Right now, at preschool programs around the country, teachers are tapping infinite reserves of patience to keep the peace among children at various stages of development and need. They’re also providing meals, wiping noses and delivering a curriculum in math and reading that will get the kids ready for school.

And there are hugs. Lots of hugs.

A working parent like me would say these services are priceless. But according to a new study from the University of California, Berkeley, the economy values them between $8.63 and $20.99 per hour.

Why Working With Young Children Is (Still) A Dead-End Job

Illustration credit: LA Johnson/NPR


Oh, you precious girl. You started preschool today. Actually, you’re at preschool right this second. I miss you to pieces, and as unnatural as it feels to leave you, I’m happy for you because I know how you love to be with other kids. I’d love to be selfish and homeschool you and keep you all to myself, but you’ve always been like a flower to me, and I saw you blossom in a way I haven’t before during those weeks at summer camp.

I bet you’re being such a big helper right now. I bet you’ve tried to hold someone’s hand by now and tell them stories about your crazy little brother. I bet that you’ve been smiling the whole time and bet you’ve gone to the potty at least twice by now. I bet you’ve announced that you’re tired at least once and that you did a huge fake yawn to prove it. I bet you’ve twirled a lot, too because you picked out the perfect dress for your first day. I bet you’ve asked your teacher when it’s time to go outside, and I bet when it is time to go outside that you’ll run with all your might to the playground as soon as your feet leave the pavement and hit the grass.

And I’ll bet I’ll spend the rest of this morning stealing glances at the clock until it’s finally time for us to come get you, and I bet that when it’s time, I’ll be the first mom there.

I hope that your first day is going exactly like you deserve it to. Welcome to a new chapter, my love.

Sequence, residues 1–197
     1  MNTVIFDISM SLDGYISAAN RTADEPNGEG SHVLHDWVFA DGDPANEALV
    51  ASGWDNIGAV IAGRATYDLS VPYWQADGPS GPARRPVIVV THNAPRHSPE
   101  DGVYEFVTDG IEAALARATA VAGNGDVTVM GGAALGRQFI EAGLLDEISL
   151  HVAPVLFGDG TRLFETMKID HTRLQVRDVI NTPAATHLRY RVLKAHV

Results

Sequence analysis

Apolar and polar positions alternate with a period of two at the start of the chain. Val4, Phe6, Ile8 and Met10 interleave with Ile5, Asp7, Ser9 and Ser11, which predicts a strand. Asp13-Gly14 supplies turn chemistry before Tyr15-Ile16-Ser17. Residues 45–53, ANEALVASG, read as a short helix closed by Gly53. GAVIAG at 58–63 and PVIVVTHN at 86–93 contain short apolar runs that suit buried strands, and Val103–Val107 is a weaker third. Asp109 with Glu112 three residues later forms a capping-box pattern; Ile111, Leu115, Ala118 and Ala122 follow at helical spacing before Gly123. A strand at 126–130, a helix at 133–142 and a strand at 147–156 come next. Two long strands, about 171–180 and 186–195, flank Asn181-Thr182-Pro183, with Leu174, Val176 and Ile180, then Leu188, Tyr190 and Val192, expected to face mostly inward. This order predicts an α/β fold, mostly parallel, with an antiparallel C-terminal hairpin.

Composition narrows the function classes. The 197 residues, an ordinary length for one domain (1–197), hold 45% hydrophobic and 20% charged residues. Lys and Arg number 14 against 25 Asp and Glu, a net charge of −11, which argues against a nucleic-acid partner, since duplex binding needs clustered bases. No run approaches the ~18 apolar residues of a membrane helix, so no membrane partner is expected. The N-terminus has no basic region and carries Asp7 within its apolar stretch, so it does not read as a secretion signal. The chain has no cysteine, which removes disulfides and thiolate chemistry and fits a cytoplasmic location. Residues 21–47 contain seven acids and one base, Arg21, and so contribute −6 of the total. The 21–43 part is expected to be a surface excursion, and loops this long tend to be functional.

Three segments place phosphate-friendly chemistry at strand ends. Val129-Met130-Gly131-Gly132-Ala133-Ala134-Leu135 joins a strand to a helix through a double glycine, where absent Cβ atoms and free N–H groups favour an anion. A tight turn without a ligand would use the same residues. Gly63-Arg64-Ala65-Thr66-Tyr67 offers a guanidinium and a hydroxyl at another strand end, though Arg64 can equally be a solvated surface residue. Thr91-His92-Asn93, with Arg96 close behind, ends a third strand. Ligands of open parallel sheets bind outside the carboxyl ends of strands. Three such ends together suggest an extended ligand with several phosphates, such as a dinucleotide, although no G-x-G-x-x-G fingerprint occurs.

Preschool Stress

I’ve been researching preschools around us very intensively for the past few days, and frankly the effort is depressing me. I want to find a program to send Eleanor to next year so that she has one year of preschool before starting Kindergarten. It’s just so expensive. We make too much money to qualify for the public preschools, and we don’t have hundreds extra each month to pay for a private preschool. There are some around here that charge more per month than our (very high) rent. Can you imagine paying over $1,200 per month for a half day, three days a week program? Even the “cheap” co-ops which require a lot of parental involvement are around $400 per month. We just don’t have that much extra income right now with only Andrew working. Some of the schools have financial aid, but they all say it’s limited, and who knows if we’d qualify.

Then there is the admissions process itself. Most of these schools receive way more applications than spots available, so they do a lottery. So it’s totally up in the air. Then on top of that, they charge around $50 for application fees. What if we spent $250 on applications and she wasn’t selected for any of the lotteries? What are those of us with a tight budget supposed to do? In all seriousness, most people I know who live here get help from their parents to afford their child’s preschool. That isn’t an option for us.

At this rate, I wouldn’t be at all surprised if she stays home until Kindergarten. But I truly worry about how she would adjust from being home with me all day every day to going to school for most of the day Mon-Fri.

And you know what, this whole situation makes me feel like a shitty parent. Maybe we weren’t ready to have kids if we aren’t even in the position to send them to preschool. I think about all of those kids sitting in those $1,200 per month circle times, and I think about how much better off they must be, with their parents who literally have thousands of extra dollars each month. I think about how much Eleanor would love these thoughtfully arranged classrooms and how much she could get out of a quality early education program, and I feel so terrible that I can’t give her that. All she has is her days with me, her often frazzled mom who is too busy keeping on top of the laundry to help her do seasonally themed crafts or play with well designed Montessori toys. Talk about the short end of the stick.